The rise of stars like Liza Koshy has proven that the site has evolved far beyond its humble roots as a video-hosting platform. (Image via Marie Claire)
Thoughts x

The celebrities of tomorrow will come from YouTube, unless the site screws it up.

When YouTube first started, teenagers would film videos of the type of content they would watch, but it has since morphed into something totally different. Celebrities from traditional media have begun to pop up on the once humble site, transforming it into a never-ending reel of self-promotion (not to say YouTubers haven’t already tried their hand in Hollywood).

Individuals burst into stardom for a multitude of reasons, whether that be for a breakthrough role or plain luck. Artists, such as Justin Bieber and Shawn Mendes, were found on YouTube, which, in turn, inspired others to use the platform in search of something more.

Lilly Singh, also known as Superwoman, launched her YouTube channel in October 2010 to then begin acting in box office movies, such as “Bad Moms and “Ice Age: Collision Course” six years later.

Has her internet fame and over 14.2 million subscribers grown unfulfilling? She’s appeared on late night television shows, such as “Jimmy Kimmel Live and “The Tonight Show Starring Jimmy Fallon,” who post clips of the interviews on YouTube and total over 7.6 million views.

Both Kimmel and Fallon profit from using such short clips, receiving spots on the trending page and gaining millions of views. The channels total an excess of 30 million subscribers and over 16.1 billion views. Gaining millions of subscribers usually take creators years, but now it seems just about anything can gain subscribers and views. According to Social Blade, both channels receive an A rating, which rates higher than most common creators.

Even as recently as this week, comedian Billy Eichner announced his show, “Funny or Die Presents Billy on the Street,” would be uploading eight web-only, short-form episodes to their YouTube channel. The show lasted for six seasons on TruTV only to end in 2016. Eichner said he made the decision to stop filming the show, but maybe to possibly launch the show on a more profitable platform.

Cord-cutting, and philosophies similar to it, have become widely accepted among millennials who agree social media and the internet have replaced cable television as an entertainment vice. Television media companies saw the effect of cord-cutting and, in turn, saw the internet as a money maker. Video might have killed the radio star in 1979, but the internet killed television in 2018.

Over the course of the last 10 years, some YouTubers have turned into stars overnight earning millions of dollars through avenues, like adsense, and paid video promotions that endorse products by certain companies.

When celebrities, such as Kim Kardashian, began launching makeup companies, they suddenly became interested in collaborating with internet personalities. They would make a video together showing the audience how good of friends they were, but instead of the video being a how-to tutorial, it ends up becoming a promotion for the celebrity. All of these tactics persuade and push the minds of viewers to buy the product and other promotional goods the video revolves around.

The YouTube trending page consists of clips from last night’s late-night show and WWE fights, but where are the original creators?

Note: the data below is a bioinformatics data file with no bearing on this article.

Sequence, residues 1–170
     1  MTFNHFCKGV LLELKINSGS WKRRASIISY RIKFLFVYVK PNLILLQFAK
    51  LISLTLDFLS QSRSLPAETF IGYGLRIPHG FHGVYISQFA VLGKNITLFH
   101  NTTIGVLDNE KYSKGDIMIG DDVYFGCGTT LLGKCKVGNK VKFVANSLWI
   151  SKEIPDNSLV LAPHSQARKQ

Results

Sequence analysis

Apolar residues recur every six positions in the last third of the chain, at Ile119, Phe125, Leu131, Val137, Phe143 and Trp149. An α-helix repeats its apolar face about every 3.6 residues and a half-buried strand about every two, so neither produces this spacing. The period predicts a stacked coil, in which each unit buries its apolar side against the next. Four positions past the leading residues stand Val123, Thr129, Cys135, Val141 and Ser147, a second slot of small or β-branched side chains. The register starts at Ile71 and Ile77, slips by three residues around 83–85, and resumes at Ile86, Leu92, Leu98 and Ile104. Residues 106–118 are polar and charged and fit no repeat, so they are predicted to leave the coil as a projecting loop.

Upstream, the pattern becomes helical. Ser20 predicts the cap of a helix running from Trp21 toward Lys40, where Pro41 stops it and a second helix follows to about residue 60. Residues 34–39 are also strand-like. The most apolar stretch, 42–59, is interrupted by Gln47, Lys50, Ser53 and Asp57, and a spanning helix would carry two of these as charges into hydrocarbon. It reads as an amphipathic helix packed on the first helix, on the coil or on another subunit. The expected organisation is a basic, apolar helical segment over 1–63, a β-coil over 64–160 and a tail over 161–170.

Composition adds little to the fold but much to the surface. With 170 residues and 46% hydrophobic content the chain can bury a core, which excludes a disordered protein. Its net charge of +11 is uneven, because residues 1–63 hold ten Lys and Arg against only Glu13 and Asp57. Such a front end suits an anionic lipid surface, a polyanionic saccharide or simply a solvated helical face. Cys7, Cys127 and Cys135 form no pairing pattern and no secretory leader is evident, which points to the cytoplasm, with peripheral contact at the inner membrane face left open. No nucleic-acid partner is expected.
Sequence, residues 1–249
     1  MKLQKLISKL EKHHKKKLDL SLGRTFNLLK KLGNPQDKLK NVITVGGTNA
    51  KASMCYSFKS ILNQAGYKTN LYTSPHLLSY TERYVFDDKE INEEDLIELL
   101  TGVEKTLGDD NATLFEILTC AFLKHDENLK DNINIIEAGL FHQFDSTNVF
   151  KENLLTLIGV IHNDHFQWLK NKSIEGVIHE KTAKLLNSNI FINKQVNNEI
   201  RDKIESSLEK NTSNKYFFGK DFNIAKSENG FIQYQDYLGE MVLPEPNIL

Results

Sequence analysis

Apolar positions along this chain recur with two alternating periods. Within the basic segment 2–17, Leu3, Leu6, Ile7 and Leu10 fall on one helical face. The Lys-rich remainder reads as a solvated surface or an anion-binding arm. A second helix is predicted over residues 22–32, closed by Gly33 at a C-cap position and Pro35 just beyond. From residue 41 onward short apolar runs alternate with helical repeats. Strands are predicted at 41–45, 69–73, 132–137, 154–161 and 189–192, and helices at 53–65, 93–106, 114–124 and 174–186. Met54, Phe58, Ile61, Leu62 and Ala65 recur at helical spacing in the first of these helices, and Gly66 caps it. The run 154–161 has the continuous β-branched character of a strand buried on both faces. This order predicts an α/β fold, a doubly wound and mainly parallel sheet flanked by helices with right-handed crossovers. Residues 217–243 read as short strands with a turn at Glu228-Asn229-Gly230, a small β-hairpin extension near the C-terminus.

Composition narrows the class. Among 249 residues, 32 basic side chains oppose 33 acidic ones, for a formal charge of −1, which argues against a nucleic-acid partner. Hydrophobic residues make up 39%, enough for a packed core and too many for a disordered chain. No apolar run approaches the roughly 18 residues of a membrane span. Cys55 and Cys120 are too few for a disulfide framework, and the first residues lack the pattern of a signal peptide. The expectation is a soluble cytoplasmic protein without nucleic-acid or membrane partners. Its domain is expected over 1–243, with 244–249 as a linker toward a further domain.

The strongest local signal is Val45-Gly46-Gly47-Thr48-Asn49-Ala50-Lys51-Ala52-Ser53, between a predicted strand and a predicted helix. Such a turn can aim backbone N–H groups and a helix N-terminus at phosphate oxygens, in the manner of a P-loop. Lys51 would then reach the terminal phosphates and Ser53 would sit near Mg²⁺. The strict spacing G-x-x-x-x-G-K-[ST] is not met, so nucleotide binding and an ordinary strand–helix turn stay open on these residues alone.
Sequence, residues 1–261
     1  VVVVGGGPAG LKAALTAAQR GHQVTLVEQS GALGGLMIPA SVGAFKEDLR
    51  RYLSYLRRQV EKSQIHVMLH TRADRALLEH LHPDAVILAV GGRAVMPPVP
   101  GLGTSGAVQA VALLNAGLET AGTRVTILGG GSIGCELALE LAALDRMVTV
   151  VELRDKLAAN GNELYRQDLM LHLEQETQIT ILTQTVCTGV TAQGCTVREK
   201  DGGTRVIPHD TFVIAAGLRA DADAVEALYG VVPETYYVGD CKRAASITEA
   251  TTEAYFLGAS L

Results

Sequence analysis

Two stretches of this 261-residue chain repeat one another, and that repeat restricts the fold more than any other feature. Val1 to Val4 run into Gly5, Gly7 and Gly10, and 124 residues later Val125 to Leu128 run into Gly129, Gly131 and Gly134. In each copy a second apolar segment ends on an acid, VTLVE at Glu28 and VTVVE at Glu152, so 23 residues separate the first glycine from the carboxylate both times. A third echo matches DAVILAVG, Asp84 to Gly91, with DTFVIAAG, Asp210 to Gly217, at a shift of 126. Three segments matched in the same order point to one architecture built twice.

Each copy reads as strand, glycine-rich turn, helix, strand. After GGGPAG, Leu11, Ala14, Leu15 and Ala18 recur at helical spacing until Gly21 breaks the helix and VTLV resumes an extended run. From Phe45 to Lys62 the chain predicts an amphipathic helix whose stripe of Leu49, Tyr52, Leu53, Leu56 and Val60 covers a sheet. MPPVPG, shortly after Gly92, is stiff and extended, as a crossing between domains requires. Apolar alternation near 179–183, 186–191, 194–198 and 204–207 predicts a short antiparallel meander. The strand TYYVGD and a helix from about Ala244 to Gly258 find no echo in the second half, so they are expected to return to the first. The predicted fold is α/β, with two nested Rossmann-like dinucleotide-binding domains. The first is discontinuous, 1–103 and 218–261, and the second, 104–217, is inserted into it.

Shane Dawson, one of the original stars to hail from the website, premiered a five-part documentary series about former singer turned makeup connoisseur Jeffree Star in August. When the first video of the series hit number one on the trending page, Dawson sent out this tweet.

The series gained a total of over 85 million views over the course of a month and finally gave some of the spotlight back to original creators on featured videos. Dawson and other creators have not received priority when it comes to being featured or even supported by the platform, which makes creators jumping to other websites, like Twitch, so understandable.

When the popular page remains full of clips that are only there to gain millions of views and dollars instead of highlighting someone’s craft, it draws attention to the quality of the content that pleases the masses.

When the jump from internet to television occurs, some creators dislike being called a “YouTuber” because of the stigmas attached to the title in the professional world. A YouTuber could be looked down upon by traditional media personalities due to certain other creators, such as the Paul brothers, projecting themselves inappropriately while being the face of YouTube.

A celebrity making an appearance on a channel or featured video receives praise and gets welcomed into the YouTube community where anyone can become a star.

Liza Koshy has made it big, originating from Vine and YouTube. (Image via YouTube)

The saying, “The grass is always greener on the other side,” should be the anthem for cross-over celebrities. Internet celebrities see “making it” as getting into a movie or television show, but mainstream celebrities chase the latest trends to stay relevant and in the public eye.

Audiences across both spheres have already seen the leakage of both industries, and it will only get more severe as the years go by. Will anyone ever make a leap and ditch the platform they started on? Keep an eye out for your favorite creator in the background of the newest movie and on the trending page for Kimmel’s crying kids during Halloween.

Leave a Reply